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A GAME OF QUEENS:
↳ Nymeria was a warrior queen and a Princess of the Rhoynar. After the Rhoyne was conquered by Valyria, Nymeria led the Rhoynar to Dorne, where she took Lord Mors Martell as her husband. House Nymeros Martell has ruled Dorne since.


nobodysuspectsthebutterfly:

“white privilege” does have some context within Westeros, although class privilege is far stronger. As a few examples:

  • dismissal of the Dothraki as “barbarians” and “savages”
  • Kevan Lannister ignoring betrothal requests from the Westerlings because the family had “doubtful blood” (through their great-grandmother, a maegi from Essos)
  • Taena Merryweather, an olive-skinned native of Myr, is exotified and sexualized. It’s unknown if her son has had to face any overt racism, but I believe her husband was considered unusual for his choice of wife.
  • Summer Islanders within Westeros are also exotified and sexualized. (Note their culture promotes sexual freedom, but nevertheless.) A Summer Islander prince was even described as looking “frightening” in his native costume.
  • The Dornish, especially the olive-skinned “salty Dornish” and darker-skinned “sandy Dornish”, are (again) exotified and sexualized. (Their spicy food gives them hot tempers and increases sexual appetite, for example.) In Westeros history, racism against the Dornish was even one of the causes of a civil war, the Blackfyre Rebellion.

Now, some of this may or may not be problematic on GRRM’s own part, especially the exotification of Taena et al. But presuming he’s just narrating what the characters themselves believe, it is a somewhat telling thing within Westerosi society. 

Mind you, class privilege within Westeros and Essos is much, much stronger — for example, Taena, as the wife of a nobleman, is far better off than some random servant within the Red Keep or some poor Riverlands peasant. And it’s likely there was racial/religious tension between the First Men and the Andals thousands of years back (some of this survives in such things as the Blackwood/Bracken feud), but that’s much less like modern white privilege and more similar to the culture clash between Gaels and Saxons and Normans in British history.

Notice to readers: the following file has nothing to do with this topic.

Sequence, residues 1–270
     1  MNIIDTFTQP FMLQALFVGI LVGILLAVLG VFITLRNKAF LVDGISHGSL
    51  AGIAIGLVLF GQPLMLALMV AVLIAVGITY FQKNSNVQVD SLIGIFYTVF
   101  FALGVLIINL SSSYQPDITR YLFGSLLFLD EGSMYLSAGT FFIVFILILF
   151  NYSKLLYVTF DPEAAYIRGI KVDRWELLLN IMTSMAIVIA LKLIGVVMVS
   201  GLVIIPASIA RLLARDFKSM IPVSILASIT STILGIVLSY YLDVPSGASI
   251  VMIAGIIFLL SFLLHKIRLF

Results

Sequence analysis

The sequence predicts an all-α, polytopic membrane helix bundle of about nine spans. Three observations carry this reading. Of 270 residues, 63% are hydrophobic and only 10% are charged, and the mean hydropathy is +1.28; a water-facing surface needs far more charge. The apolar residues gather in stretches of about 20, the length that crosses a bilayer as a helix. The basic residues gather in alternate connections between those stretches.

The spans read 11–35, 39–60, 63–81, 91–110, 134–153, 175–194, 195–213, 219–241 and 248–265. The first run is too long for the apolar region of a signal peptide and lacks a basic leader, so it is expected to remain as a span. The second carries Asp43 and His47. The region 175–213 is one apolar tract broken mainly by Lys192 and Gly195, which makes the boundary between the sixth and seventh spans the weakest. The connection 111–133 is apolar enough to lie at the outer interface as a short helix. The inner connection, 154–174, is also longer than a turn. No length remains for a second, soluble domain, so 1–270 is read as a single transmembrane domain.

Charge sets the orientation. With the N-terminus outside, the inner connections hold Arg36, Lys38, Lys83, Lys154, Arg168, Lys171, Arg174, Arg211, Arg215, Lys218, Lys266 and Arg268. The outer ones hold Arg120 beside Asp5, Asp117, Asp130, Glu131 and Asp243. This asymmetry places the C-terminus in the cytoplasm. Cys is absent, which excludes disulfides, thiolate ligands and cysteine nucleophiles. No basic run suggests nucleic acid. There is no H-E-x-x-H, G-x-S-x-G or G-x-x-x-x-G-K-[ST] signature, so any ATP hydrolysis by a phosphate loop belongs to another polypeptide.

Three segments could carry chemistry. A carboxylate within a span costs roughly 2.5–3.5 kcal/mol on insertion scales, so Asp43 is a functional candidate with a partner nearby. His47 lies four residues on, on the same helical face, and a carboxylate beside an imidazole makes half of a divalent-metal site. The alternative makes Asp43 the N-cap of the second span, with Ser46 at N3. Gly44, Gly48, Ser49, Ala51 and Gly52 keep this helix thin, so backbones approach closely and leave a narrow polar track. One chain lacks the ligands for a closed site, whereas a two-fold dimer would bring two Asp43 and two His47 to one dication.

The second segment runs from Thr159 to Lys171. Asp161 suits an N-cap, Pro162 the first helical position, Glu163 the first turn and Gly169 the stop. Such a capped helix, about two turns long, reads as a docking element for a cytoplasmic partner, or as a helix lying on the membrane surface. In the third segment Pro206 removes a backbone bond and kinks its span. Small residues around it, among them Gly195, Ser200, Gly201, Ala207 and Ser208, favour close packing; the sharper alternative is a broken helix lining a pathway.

Nevertheless, white privilege or racial bias within ASOIAF is something that should not be dismissed. Especially in fandom, where you have actual living human beings (not fictional characters!) describing Elia Martell as “ugly” and “unworthy” and raving about Lyanna Stark’s porcelain skin. Or fanwriters saying that Robb Stark would certainly prefer Myrcella Baratheon’s “Aryan looks” to Jeyne Westerling’s drabness. (I wish I was making up those two examples, I really do.)



A cloud of ravens was pouring from the cave, and he saw a little girl with torch in hand, darting this way and that. For a moment Bran thought it was his sister Arya… madly, for he knew his little sister was a thousand leagues away or dead. And yet there she was, whirling, a scrawny thing, ragged, wild, her hair atangle. Tears filled [his] eyes and froze there.


The Wolf and the Lion


♚ She pushed upon both doors at once with the flat of her gloved hands, but neither one would budge. Locked and barred. “Let me in, you stupid,” she said. “I crossed the narrow sea.” She made a fist and pounded. “Jaqen told me to come. I have the iron coin.” She pulled it from her pouch and held it up. “See? V a l a r   m o r g h u l i s.” The doors made no reply, except to open.


I should not be dreaming wolf dreams, the girl told herself. I am a cat now, not a wolf. I am Cat of the Canals. The wolf dreams belonged to Arya of House Stark. Try as she might, though, she could not rid herself of Arya. It made no difference whether she slept beneath the temple or in the little room beneath the eaves with Brusco’s daughters, the wolf dreams still haunted her by night.


holyleonardodicaprio:

Stannis, my lord, my sad, sullen boy, son I never had, you must not do this, don’t you know how I have cared for you, lived for you, loved you despite it all? Yes, loved you, better than Robert even, or Renly, for you were the one unloved, the one who needed me most.